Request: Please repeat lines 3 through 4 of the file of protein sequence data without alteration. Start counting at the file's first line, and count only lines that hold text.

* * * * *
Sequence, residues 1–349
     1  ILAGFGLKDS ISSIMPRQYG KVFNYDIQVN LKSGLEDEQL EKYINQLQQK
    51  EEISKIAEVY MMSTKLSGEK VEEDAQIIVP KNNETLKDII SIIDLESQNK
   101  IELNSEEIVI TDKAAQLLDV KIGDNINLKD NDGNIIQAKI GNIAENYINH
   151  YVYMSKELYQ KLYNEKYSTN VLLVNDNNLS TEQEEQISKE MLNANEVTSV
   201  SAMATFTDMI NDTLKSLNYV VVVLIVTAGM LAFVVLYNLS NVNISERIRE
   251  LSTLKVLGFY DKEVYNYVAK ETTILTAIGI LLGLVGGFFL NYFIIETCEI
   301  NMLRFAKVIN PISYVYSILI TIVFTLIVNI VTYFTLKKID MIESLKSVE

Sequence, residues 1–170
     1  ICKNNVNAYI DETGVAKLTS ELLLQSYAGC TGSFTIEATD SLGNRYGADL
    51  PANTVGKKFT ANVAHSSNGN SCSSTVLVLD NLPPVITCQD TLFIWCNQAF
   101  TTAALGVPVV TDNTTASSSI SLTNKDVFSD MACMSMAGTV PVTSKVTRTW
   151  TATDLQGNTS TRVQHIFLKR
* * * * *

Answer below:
    51  EEISKIAEVY MMSTKLSGEK VEEDAQIIVP KNNETLKDII SIIDLESQNK
   101  IELNSEEIVI TDKAAQLLDV KIGDNINLKD NDGNIIQAKI GNIAENYINH